Tuesday, November 23, 2010

Happy Thanksgiving!

May the Good Things of Life
Be Yours In Abundance,
Not only at Thanksgiving,
But throughout the coming year.

Thursday, November 4, 2010

"November comes
And November goes,
With the last red berries
And the first white snows.
With night coming early,
And dawn coming late,
And ice in the bucket
And frost by the gate.
The fires burn
And the kettles sing,
And earth sinks to rest
Until next spring."

- Elizabeth Coatsworth

Jack Frost...nipping at your plants?

It happened while I was writing this article. Our local meteorologists forecast nighttime temperatures low enough to nip at the tender flowers and greens in our gardens...and this time, they were correct.

As always, researching this article has uncovered some good information about frost and how to best protect plants.

A bit about frost:
Unless your yard is perfectly level (lucky you), you may have noticed that frost will visit some areas of your property more (or less) than others. Since cold air is heavier than warmer air, the cold air will settle in low lying areas, such as at the bottom of an incline. Pockets of this colder air will sink down until it settles into a depression or hollow. Since it then stops moving, it may cause frost damage on plants. Other factors affecting frost are your house/garage, protective trees,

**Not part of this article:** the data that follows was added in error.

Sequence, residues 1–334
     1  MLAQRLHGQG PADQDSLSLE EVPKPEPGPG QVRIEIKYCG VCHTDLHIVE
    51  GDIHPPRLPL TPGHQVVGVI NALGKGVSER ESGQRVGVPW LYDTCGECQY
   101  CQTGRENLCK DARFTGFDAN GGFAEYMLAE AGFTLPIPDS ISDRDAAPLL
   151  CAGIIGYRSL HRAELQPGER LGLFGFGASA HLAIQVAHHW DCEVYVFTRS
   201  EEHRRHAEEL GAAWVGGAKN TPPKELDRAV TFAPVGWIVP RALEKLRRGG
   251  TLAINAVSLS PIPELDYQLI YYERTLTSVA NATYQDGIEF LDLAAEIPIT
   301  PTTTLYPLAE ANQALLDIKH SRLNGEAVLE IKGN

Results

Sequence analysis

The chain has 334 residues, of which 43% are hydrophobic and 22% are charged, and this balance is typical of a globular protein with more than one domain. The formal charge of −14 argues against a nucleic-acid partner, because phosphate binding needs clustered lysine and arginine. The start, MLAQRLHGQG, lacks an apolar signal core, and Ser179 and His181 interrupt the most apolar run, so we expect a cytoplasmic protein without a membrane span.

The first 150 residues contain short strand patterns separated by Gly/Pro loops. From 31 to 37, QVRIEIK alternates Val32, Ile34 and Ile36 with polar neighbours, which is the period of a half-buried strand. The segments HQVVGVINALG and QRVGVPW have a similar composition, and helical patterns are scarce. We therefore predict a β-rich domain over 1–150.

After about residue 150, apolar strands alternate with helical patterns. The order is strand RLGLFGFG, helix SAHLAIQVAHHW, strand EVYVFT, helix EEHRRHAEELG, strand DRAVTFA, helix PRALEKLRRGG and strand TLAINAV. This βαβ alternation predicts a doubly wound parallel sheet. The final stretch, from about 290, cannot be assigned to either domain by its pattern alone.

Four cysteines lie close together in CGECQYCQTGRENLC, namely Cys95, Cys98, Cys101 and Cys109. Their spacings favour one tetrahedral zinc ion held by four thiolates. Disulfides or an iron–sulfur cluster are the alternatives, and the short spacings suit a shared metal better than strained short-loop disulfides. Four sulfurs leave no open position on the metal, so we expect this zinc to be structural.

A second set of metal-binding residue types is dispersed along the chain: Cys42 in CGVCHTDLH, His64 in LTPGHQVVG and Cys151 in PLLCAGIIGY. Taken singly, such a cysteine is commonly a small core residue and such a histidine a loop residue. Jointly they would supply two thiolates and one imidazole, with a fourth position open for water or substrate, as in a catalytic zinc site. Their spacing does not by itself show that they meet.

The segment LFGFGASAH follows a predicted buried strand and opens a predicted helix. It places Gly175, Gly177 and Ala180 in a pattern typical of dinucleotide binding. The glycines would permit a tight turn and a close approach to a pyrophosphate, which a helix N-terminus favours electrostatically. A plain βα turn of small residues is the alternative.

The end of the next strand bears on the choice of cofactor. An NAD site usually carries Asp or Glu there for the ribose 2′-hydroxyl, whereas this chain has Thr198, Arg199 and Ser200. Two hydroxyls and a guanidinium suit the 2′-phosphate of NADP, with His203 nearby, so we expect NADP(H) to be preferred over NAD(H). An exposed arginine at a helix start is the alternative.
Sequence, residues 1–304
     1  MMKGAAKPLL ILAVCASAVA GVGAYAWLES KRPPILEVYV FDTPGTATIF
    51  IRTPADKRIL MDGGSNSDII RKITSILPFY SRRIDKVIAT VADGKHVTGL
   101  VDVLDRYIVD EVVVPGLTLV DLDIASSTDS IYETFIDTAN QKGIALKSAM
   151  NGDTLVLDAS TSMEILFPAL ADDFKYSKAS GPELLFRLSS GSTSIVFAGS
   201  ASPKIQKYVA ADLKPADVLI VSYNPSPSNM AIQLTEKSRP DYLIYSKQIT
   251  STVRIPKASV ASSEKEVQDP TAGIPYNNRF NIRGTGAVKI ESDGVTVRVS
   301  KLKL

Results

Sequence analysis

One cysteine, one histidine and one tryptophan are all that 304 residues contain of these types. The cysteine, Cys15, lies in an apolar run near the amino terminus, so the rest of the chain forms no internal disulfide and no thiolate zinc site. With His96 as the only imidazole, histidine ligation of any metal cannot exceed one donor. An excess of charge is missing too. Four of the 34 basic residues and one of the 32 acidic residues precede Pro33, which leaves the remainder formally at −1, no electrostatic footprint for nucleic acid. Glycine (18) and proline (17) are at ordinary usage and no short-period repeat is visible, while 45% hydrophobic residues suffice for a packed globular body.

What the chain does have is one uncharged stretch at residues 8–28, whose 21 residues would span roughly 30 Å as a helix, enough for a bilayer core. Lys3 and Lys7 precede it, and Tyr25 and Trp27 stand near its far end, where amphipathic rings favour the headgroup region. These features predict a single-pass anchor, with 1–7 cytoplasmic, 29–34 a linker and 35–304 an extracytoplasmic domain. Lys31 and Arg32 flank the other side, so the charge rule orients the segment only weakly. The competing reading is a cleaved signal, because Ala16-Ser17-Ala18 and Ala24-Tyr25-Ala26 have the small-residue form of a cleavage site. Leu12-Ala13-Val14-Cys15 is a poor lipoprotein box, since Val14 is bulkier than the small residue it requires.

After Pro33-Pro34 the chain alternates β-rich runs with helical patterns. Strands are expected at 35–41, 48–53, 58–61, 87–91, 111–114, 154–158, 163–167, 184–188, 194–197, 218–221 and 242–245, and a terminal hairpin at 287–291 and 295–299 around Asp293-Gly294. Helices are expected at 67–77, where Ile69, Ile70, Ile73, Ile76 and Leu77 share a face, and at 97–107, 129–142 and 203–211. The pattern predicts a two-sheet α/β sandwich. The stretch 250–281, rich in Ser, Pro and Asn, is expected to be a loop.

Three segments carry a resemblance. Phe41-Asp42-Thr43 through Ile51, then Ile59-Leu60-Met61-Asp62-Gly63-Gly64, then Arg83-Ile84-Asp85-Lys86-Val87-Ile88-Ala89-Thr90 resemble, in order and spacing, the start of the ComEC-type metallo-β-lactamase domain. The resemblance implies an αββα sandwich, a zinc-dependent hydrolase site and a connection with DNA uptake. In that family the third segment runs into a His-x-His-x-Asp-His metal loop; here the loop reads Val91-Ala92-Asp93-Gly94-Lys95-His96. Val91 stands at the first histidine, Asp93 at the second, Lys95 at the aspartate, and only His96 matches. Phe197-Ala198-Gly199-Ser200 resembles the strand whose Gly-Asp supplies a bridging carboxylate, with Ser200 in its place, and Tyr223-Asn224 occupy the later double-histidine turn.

Although we don't have such high altitudes in Northern Rhode Island, in your travels you may have noticed that higher altitudes, with thinner air, experience colder temperatures which makes those areas prone to frost.

Frost protection tips to protect your precious plants:

  • Water before an expected frost. Moist soil retains the heat of the day better
    than dry soil.
  • Cover plants with burlap or cloth...never use plastic.
  • Other coverings that work well include inverted buckets, cardboard boxes, paper
    bags and even newspapers.
  • Don't let coverings get your plants down. Use stakes to support the weight of the covering. Know that wherever a plant touches the covering, it is less protected.
  • Keep your wraps in place. Lightweight coverings should be weighted down with rocks so they don't blow away.
  • Potted plants are particularly susceptible to the cold since there is little soil protecting their roots from freezing temperatures.
  • House plants and tropical plants should be brought into your home for the winter or you can bury the pot in the soil and cover the foliage with burlap. 
  • Annuals and other flowering plants can be saved by covering them before dusk. After the sun sets, the temperature in your garden drop quickly.
  • Covers must be removed from plants in the morning, before the sun hits them. Otherwise, your plants may overheat as the daytime temperatures rise.
  • To warm up your plants, water them just before sunrise when the temperature dips to 32 degrees or colder. Water won't help once the damage has occurred.
  • Have you seen chemical sprays to protect plants from frost? There is no commercial product that really works.